A screengrab from the video posted to Facebook showing a Buffalo police SUV ramming into a suspect.

Sheila Woodard was on the phone Saturday afternoon with her father when her husband told her the Buffalo police were involved in a standoff across the street from their home.

She opened her front door and described to her father what she saw at Chicago and Fulton Streets: a man holding a butcher knife and police officers trying to take control of the situation.

Joseph Flakes, her dad who was a Washington D.C. police officer, told her to stop talking with him and use her cellphone to record and post the incident live on Facebook.

The standoff culminated moments later when SWAT Team Lt. James O'Donnell used an SUV squad car to pin the psychologically disturbed man against a fence.

In the four days since, her video has been viewed more than 500,000 times on social media.

Police say the man suffered a broken ankle, but Woodard says his relatives have told her he had multiple fractures and remains hospitalized at Erie County Medical Center.

Buffalo police officials say the man is fortunate to be alive given that responding officers would have been within their rights to shoot him if he had gotten any closer to them. They say he was not only threatening to kill himself but harm the officers, who also had the safety of a group of bystanders to take into consideration.

Sheila Woodard recorded video of a Buffalo police officer using an SUV to pin a mentally disturbed man.

"I thought the police would use a Taser or tackle him," Woodard said Wednesday in the living room of her apartment as she sat with her father and recounted the incident. "I thought, 'Oh, my God, they just hit him with the SUV.' It was wrong. Excessive force was used.”

But Woodard made clear: "I have nothing against the police. My dad was a police officer in Washington."

Flakes, who was a police officer in D.C. for 13 years before he returned to Buffalo, doesn’t entirely agree with his daughter's opinion that it was wrong to use the SUV.

He says officers could have been seriously injured or killed, if they had tried to get too close to the man.

Flakes also said he doesn’t have a problem with O'Donnell’s use of the SUV. In fact, he says, he would have done the same. But in his assessment, the former officer says he would not have driven as rapidly at the man.

"You can see from the video that the police supervisor is accelerating. I would not have accelerated," Flakes said.

Buffalo Police Lt. Jeffrey Rinaldo says the department's Internal Affairs Division is continuing its investigation of the incident, but praised the responding officers for using restraint in dealing with the 60-year-old man, whose name has not been released. Police said the man has a lengthy history of suicide attempts and violent outbursts.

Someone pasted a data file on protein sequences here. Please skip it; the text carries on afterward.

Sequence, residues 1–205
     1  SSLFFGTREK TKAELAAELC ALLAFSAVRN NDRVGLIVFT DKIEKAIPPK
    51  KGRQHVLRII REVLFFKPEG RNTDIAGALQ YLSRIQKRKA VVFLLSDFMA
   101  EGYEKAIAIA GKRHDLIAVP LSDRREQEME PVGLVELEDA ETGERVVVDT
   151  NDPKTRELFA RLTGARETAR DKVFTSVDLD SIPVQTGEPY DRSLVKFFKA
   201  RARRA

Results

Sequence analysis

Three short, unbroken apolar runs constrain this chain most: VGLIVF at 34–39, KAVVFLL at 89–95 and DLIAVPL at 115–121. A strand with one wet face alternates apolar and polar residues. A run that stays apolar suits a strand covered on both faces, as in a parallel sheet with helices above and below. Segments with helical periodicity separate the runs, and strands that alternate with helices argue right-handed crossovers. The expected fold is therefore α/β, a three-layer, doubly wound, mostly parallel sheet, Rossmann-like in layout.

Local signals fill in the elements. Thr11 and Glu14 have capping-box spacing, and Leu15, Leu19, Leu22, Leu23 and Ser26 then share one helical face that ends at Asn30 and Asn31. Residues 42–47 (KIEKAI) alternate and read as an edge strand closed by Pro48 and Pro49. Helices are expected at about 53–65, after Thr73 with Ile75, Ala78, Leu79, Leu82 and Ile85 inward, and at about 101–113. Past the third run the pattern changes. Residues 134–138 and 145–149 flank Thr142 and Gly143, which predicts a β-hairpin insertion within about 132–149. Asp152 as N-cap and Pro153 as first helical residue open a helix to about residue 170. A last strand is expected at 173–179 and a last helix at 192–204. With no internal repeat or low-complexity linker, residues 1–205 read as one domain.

“Officers used great discretion to bring a potentially lethal situation to a safe conclusion,” Rinaldo said.

What isn’t seen in Woodard’s video is that the man had come at the officers with the butcher knife, Rinaldo said.

He acknowledged that the incident has gotten widespread attention. “Social media allows for Monday morning quarterbacks to pass judgment without knowing all of the details. Officers in this case showed great restraint in not using their firearms.”

Police officials pointed out that an electric Taser probably would not have succeeded in this situation.

“That’s due to the fact that the suspect was wearing multiple layers of clothing,” Rinaldo said.

A Taser fires darts attached to thin wires delivering an electrical charge.

“The darts need to make contact with the subject’s skin to be totally effective,” Rinaldo said.

Police, including SWAT and the Crisis Management Team, at the time were not armed with a Taser. The man had also refused to speak with a crisis negotiator, police officials said.

So using the SUV to defuse the situation was a gamble, according to Thomas H. Burton, an attorney for the Buffalo Police Benevolent Association.

“This is certainly not something taught at the police academy, but it worked,” said Burton, who described the tactic as “an unconventional way to end a circumstance with someone having a psychological problem.”

The city police department only has two Tasers, which Burton said give officers a less-than-lethal option when circumstances such as Saturday’s arise, said Burton, who trains officers in the rules of force and deadly force.

“Tasers are especially appropriate with an individual such as this who has shown suicide intentions on multiple occasions before this one,” Burton said, adding that most local police departments have a number of Tasers.

Woodard, a 32-year-old unemployed pharmacy technician and mother of two teenagers, says she believes she did the right thing in recording and posting the standoff.
"A mentally unstable person is not going to comply with commands," she said. "The police need more Tasers or more training on how to deal with the mentally unstable."

Police officials countered saying that officers receive ample training in how to handle situations with psychologically disturbed people but that sometimes force is required to bring such situations under control. They also say that Tasers are not a solution and that while they can disable a person, there is also the chance that the devices can be deadly.

The officials also pointed out that in order to use a Taser, an officer has to be within 15 feet of the suspect and that proximity put officers in harm's way when the suspect is armed. And again citing the fact that the man in this case was wearing multiple layers of clothing, the officials said the outcome, had a Taser had been used, could have resulted in injury or death to an officer or the suspect.

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